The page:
6. IMPOSING “SHOULDS”. ICWC defines Imposing Shoulds on others as:
“Because of my biblical knowledge, superior wisdom, and general life experiences, my views and beliefs are the template for how others should behave. If someone’s actions don’t line up with how I think they should behave, I’m then entitled to get angry, pass judgment, give them the cold shoulder, and talk about them behind their back. We could put an end to so many problems in the world if others would simply think and behave like I do.”
Here’s a short quiz to find out whether you, or someone you know, may be a Should-aholic:
- I feel people SHOULD reciprocate (return the favor) when I do something nice for them.
- I can think of a song or two that the worship team SHOULD retire.
- I worked all day, so someone else SHOULD make dinner.
- I made dinner, so someone else SHOULD clean the kitchen.
- Right now, I’m dieting and working out, so I think everyone in my house SHOULD too.
- Slow drivers SHOULD pull over and get out of the way of those of us who have more important things to do.
- I feel it’s my obligation to teach other drivers how they SHOULD drive by honking, giving a guilty stare and possibly even making a hand gesture.
Making a judgment on how others should behave is a form of pride. It says, “I’m the judge and God isn’t!” Mark Batterson says, “In my experience, those who accomplish the most for the kingdom criticize the least.” But Aaron Chesterfield may have said it best: “Every church in the U.S. would experience population growth if Christians would stop ‘Shoulding’ on people.”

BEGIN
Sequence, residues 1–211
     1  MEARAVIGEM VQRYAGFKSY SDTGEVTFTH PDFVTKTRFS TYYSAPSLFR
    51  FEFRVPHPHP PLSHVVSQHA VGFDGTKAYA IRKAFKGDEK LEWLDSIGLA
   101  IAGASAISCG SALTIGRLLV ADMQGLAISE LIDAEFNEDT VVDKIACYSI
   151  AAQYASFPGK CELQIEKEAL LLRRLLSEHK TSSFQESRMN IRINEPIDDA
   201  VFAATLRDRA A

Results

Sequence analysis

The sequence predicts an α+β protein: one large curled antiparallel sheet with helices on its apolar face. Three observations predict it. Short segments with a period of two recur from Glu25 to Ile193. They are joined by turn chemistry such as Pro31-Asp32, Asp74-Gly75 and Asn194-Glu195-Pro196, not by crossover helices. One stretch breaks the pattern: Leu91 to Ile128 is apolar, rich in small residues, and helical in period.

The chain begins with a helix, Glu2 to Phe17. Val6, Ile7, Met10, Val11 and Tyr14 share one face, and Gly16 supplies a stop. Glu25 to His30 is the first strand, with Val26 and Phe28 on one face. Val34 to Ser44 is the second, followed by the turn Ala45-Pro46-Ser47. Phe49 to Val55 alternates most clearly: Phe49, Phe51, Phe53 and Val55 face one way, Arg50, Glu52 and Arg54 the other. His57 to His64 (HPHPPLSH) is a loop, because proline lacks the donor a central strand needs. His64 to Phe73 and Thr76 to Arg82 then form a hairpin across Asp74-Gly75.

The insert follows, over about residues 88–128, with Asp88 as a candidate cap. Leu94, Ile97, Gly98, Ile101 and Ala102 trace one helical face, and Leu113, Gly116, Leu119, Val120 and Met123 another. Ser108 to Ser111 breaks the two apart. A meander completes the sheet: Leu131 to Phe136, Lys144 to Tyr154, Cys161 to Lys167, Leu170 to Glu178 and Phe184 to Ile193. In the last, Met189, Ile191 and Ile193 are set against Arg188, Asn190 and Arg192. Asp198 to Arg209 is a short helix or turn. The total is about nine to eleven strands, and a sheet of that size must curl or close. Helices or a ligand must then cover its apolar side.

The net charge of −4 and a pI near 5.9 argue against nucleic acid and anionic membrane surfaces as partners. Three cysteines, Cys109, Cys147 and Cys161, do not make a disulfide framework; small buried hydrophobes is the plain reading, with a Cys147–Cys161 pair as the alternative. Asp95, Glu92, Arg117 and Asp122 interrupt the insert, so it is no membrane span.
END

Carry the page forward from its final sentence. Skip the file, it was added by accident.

“For there is but One Lawgiver and Judge; the One Who is able to save—and to destroy. But who are you to judge your neighbor?” —James 4:12
7. DEFAULTING ON COMMITMENTS. If you’ve been part of your church for any length of time, you know someone who makes commitments, but doesn’t follow through. Here is how we define Defaulting on Commitments:
“I make commitments to others with ease and carelessness, but will default on them if a more pleasurable option comes along. When confronted about why I failed to follow through on a commitment, I simply rely on my quick wit and charm to disarm the situation. My word means nothing, because, let’s face it: at the end of the day, words are just that…words.”
Jesus was clear about the severity of our words: “And I tell you this, you must give an account on judgment day for every idle word you speak. The words you say will either acquit you or condemn you.” -Matthew 12:36